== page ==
Project Lacy Serger Shorts
Skill Level: Beginner
Skill Level: Beginner
If you're been wanting to learn how to sew garments, but have been too intimidated, try a pair of pajama shorts. If you have a Baby Lock serger, they'll come together super fast. The addition of a lace hem makes these shorts look custom and unique, giving you the most stylish pajamas around! Download printable instructions.
Cut out the front and back shorts according to your size.
I like to mark “Front” and “Back” on the pieces with a Frixion heat-erasable pen within the waistband allowance because the front and back look so similar.
For the waistband tie, cut two 44” x 1-1/2” strips of fabric and stitch together with a 1/4” seam allowance to create about an 87” long strip of fabric.
Trim down seam to an 1/8” and press open that tiny seam.
Serge the waistband tie first. Set up your serger for a 4-thread overlock stitch.
Fold your fabric in half lengthwise (right sides together) and serge together the two long raw edges. If you need to pin, consider using Wonder Clips instead.
Turn right side out with a skinny loop turner and press.
Now serge the inseam of your shorts. Line up the center seams of one front to one back for both.
The 4-thread overlock stitch is about 3/8” and most garment patterns are 5/8” (check your pattern), meaning you’ll need to serge off a 1/4”.
You can draw your 5/8” seam line on your fabric with a Frixion pen to see where your left needle will hit, where you’ll line up your fabric and how much you’ll cut off.
Line up your outside seams and serge those as you did the inseam (lining them up the same to get your 5/8” seam allowance).
Turn one leg right side out and insert into the other leg that is inside out, matching the crotch seam and inseams evenly.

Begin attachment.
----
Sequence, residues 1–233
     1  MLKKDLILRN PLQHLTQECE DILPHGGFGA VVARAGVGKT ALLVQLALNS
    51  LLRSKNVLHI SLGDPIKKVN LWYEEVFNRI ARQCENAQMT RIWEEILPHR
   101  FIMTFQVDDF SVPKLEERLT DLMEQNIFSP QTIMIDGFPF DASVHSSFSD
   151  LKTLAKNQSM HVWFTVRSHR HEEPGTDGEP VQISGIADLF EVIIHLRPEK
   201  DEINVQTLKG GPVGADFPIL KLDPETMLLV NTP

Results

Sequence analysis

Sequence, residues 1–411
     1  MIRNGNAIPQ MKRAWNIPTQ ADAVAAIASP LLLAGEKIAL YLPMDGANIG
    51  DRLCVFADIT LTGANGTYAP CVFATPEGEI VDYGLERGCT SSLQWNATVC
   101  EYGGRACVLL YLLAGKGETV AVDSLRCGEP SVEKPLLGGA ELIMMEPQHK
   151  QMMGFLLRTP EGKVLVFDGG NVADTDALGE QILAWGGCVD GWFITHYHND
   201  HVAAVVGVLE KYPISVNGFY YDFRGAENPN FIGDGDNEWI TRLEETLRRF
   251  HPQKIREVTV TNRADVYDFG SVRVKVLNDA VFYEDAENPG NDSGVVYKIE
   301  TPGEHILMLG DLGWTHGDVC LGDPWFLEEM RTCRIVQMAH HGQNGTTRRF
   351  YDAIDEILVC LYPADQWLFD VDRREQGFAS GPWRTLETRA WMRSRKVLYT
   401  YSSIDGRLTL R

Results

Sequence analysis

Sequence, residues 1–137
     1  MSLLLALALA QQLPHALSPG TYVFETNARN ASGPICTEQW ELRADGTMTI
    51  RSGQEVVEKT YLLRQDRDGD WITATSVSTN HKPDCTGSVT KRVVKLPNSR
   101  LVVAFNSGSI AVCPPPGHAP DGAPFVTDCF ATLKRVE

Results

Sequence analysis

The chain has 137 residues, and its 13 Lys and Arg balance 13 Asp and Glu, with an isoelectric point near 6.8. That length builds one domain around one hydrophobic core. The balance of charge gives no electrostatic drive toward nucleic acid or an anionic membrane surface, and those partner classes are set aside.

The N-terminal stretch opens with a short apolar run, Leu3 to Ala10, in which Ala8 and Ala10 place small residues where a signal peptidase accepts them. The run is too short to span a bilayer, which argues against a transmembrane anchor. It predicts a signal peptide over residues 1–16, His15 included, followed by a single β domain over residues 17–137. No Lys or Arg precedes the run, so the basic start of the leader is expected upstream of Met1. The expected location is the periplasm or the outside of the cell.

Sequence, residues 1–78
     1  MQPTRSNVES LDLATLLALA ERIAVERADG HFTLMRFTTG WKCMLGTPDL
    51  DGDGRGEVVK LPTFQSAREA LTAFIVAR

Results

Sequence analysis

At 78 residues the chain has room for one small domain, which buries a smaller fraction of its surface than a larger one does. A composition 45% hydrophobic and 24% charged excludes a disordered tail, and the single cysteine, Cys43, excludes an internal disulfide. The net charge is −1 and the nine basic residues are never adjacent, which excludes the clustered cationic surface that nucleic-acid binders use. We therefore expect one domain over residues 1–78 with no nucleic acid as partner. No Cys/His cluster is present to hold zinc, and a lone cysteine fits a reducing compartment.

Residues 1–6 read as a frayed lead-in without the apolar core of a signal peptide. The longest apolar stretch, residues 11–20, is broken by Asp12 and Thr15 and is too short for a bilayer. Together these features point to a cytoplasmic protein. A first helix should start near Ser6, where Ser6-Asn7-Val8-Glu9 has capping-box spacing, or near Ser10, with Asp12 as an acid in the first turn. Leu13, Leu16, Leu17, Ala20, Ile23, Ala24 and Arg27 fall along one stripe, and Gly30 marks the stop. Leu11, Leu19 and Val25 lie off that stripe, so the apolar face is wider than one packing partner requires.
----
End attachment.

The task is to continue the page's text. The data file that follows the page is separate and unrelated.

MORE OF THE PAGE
Wonder Clip this seam and carefully serge the entire curve with your 5/8” seam allowance (cutting off about a 1/4” as you have been doing for the other seams).
Use the sewing machine to baste a 1/2” down around the entire raw waistband edge. Optional: place a satin ribbon tag folded in half under my basting near the center back seam.
Press the raw edge in along that 1/2” stitched line. Then, try on your shorts and mark/pin how much further you need to fold down your waistband.
Sometimes it’s a little more/less than the pattern says. Press down again at this additional mark.
Then on the right side of your shorts within the waistband, find your center front seam.
We need to place some buttonholes 3/4” away from the center front seam.
First, decide where you’re going to stitch down the waistband (around the entire waistband), but don’t stitch it yet (you wouldn’t be able to stitch your buttonholes).
You need to figure out where this stitch line will be so you can center your buttonholes between that line and the top edge of your shorts.
My buttonhole placement ended up being 3/8” down from the top and 3/4” over in both directions from the side seam.
Don’t forget to put a little fusible stabilizer behind where your buttonholes will be before stitching.
Open your buttonhole foot to about 1/2” and follow your machine instructions to stitch those two buttonholes.
After you’ve stitched your buttonholes, stitch down your waistband, leaving about 2”-3” open to insert your elastic.
Cut your elastic the exact length of your waistband measurement (where you want your shorts to sit on your hips).
Insert elastic and stitch the two elastic ends together. I like to overlap the ends about 1” and stitch down flat.
Try on your shorts and see if you like the fit or if you need to adjust the elastic.
While you have them on, mark where you want the hem to lay (if you want to cut any off).
Adjust elastic if necessary and stitch waistband opening closed
Cut your shorts to the desired length (take into account you’ll be adding your lace trim).
Again, using your 4-thread overlock stitch, place your lace pretty sides together with your hem and serge the lace to your shorts, being careful not to clip the lace.
Overlap the lace ends at the inseam a wee bit. Zigzag over the lace edges at the inseam with your sewing machine to blend them and connect them.
Press the lace down; run a topstitch 1/8” up from the seam on the fabric to hold up the seam allowance and the lace down. And done!